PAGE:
Voiceovers and Market Pressure – The Not Silent Blog 1/8/19
Let’s talk about market pressure in the voiceover industry…
Last week, the student who inspired this blog entry from a few months ago emailed me to share his frustration over the recent changes to Voice123 and his struggle to book gigs. One line hit me right between the eyes:
If I don’t audition for a job with terrible usage rates or buyout in perpetuity, someone else will. There is no market pressure to keep rates fair.
Here’s a definition of market pressure:
Forces of demand and supply representing the aggregate influence of self-interested buyers and sellers on price and quantity of the goods and services offered in a market. In general, excess demand causes prices and quantity of supply to rise, and excess supply causes them to fall.
How does market pressure apply to the voiceover industry?
Due to Pay-To-Play sites and the increased affordability of home recording, the supply of voice talent has increased massively. While there is a greater demand for voice talent than there used to be, the plummet in rates may indicate that supply is much greater than demand. The fact that voice seekers now have a myriad of ways to cast voice talent on the cheap also plays a large role.
Since the price of products and services are generally dictated by supply and demand, and now that there is a much larger supply of voice talents than there used to be (many of which are non-union who don’t have to comply with union rates) does that mean that the rates to pay voice talent are supposed to drop? Are we in the midst of a market correction? If so, what will be the “new normal”? Will SAG-AFTRA need to lower their rates to stay competitive?
Speaking of SAG-AFTRA, it’s supposed to be the main applicator of market pressure in the voiceover industry. As a voice seeker, you can take their rates or leave them. Over the past couple of years, more and more have chosen to “leave them” and use non-union voice talent for their projects.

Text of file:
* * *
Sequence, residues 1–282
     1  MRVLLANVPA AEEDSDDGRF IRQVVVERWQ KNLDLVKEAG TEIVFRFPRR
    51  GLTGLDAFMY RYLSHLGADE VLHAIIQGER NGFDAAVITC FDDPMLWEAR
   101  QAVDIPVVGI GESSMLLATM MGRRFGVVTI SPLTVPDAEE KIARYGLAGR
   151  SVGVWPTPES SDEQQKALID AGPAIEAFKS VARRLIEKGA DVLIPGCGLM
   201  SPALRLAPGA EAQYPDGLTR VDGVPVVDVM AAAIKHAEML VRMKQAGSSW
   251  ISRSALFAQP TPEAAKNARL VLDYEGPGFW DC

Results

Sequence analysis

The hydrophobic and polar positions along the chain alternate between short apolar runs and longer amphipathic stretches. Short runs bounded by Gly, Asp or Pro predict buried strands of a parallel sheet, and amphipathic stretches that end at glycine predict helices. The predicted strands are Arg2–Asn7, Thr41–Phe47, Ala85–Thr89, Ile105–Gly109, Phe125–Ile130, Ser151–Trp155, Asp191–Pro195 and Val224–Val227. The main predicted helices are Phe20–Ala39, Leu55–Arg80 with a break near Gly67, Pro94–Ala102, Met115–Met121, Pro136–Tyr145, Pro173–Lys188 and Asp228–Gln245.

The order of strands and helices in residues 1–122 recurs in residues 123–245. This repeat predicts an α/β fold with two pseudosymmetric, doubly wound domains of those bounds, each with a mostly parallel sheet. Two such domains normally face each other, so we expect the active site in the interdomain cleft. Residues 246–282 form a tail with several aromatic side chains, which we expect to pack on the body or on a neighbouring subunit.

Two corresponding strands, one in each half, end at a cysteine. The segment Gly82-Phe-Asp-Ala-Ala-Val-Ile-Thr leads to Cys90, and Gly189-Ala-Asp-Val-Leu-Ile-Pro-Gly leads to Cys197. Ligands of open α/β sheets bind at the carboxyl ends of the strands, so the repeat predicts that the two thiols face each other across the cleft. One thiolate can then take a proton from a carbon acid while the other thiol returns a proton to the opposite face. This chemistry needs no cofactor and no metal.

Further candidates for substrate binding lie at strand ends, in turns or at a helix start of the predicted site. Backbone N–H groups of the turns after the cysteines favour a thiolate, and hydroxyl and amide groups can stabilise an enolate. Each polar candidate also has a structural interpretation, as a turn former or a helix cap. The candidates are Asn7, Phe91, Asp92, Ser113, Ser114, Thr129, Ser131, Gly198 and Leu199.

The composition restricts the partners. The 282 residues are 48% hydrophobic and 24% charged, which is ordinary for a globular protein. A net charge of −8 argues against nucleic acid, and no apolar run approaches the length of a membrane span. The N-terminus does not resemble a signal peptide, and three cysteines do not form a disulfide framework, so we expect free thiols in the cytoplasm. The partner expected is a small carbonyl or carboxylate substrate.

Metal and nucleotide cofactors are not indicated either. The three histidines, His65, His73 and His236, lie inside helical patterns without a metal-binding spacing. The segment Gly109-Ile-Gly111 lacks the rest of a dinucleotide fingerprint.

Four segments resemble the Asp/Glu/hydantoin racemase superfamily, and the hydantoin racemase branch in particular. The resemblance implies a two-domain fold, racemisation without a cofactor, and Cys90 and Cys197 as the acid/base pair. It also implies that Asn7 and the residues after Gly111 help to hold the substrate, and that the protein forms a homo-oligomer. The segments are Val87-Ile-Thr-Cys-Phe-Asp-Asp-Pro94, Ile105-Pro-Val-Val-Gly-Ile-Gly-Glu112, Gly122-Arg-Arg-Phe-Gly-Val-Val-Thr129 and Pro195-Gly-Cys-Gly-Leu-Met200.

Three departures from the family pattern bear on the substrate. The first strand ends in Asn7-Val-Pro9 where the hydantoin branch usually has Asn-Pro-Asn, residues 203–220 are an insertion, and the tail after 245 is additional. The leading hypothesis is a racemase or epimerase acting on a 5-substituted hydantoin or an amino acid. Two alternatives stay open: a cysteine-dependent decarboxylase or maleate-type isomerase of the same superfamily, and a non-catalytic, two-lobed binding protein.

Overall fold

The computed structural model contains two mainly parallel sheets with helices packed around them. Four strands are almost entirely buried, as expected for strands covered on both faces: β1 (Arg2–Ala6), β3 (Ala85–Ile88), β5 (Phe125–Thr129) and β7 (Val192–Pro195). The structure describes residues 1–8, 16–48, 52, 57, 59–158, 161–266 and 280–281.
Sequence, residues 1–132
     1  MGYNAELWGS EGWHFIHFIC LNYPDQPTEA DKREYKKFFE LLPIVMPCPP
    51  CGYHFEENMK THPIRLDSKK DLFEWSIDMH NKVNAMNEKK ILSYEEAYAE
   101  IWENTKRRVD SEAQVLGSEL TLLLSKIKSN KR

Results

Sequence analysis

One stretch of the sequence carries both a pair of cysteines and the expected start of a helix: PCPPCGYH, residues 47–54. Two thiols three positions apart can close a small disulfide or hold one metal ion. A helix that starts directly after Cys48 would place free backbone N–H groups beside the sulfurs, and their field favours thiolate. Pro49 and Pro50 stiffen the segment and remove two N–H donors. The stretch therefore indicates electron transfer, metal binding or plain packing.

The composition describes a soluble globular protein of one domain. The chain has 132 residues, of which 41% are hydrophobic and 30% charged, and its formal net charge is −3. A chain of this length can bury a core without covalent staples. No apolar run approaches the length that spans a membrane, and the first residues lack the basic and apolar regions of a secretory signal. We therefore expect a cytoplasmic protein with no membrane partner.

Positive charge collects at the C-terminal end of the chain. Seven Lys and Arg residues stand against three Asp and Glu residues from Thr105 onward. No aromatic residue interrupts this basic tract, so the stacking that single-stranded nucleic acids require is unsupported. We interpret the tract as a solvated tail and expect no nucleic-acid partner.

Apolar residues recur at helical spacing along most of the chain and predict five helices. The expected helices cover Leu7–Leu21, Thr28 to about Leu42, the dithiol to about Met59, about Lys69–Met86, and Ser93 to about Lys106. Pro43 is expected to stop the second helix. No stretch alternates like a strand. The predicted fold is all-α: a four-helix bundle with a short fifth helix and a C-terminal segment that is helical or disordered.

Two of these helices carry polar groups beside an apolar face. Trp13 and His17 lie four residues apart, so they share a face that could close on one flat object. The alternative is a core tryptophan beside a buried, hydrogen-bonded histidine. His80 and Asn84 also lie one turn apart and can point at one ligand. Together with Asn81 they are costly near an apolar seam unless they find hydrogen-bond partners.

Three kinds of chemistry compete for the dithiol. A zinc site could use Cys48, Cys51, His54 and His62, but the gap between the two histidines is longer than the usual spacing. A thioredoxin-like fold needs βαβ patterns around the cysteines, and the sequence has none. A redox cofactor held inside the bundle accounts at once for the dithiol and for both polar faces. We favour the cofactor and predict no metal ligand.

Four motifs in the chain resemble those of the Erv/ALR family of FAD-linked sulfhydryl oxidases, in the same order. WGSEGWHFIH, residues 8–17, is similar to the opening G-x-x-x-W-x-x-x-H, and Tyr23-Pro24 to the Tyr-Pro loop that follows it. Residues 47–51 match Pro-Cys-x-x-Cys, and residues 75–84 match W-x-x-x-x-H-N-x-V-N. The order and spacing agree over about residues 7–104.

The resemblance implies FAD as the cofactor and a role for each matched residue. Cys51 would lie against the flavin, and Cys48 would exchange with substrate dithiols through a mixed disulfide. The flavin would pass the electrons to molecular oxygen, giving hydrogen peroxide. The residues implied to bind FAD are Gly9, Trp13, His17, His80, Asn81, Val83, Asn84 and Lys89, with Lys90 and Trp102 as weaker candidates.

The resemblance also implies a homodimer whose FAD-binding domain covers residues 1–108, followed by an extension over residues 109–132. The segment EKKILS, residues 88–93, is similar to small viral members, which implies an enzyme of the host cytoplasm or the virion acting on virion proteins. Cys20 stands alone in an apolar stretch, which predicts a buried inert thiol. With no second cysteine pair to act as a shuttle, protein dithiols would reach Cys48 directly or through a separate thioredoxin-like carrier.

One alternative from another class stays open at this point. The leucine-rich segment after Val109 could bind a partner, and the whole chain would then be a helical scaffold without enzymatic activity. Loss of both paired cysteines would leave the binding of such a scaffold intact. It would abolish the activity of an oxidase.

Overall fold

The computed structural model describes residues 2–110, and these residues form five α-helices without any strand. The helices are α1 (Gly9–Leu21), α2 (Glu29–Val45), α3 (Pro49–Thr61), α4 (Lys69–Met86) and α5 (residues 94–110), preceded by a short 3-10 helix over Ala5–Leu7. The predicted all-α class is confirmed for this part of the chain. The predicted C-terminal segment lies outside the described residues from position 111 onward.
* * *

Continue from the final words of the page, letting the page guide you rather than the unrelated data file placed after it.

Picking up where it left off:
In response to the lowering of rates, the proliferation of P2P sites, etc. three entities have emerged: World Voices Organization, The Global Voice Acting Academy, and the VO Agent Alliance. All have made a valiant effort to educate both voice seekers and voice talent on how to comport themselves and use rates that are commensurate with the industry standard. WoVO has created a mentorship program and its own talent roster of vetted voice talent who charge proper rates. The GVAA has created a comprehensive rate sheet (which I use regularly). The VOAA has agreed upon a set of standards and practices to uphold quality rates and not represent talent who are contributing to the problem.
I’m sad to say it hasn’t been very effective. Rates continue to drop. In-perpetuity usage and cut-downs are becoming more and more common. Why? There is zero incentive for voice seekers to pay like they used to. On top of that, many voice talents don’t want to price themselves out of the market. They’d rather get paid a lower rate than lose the gig or their career.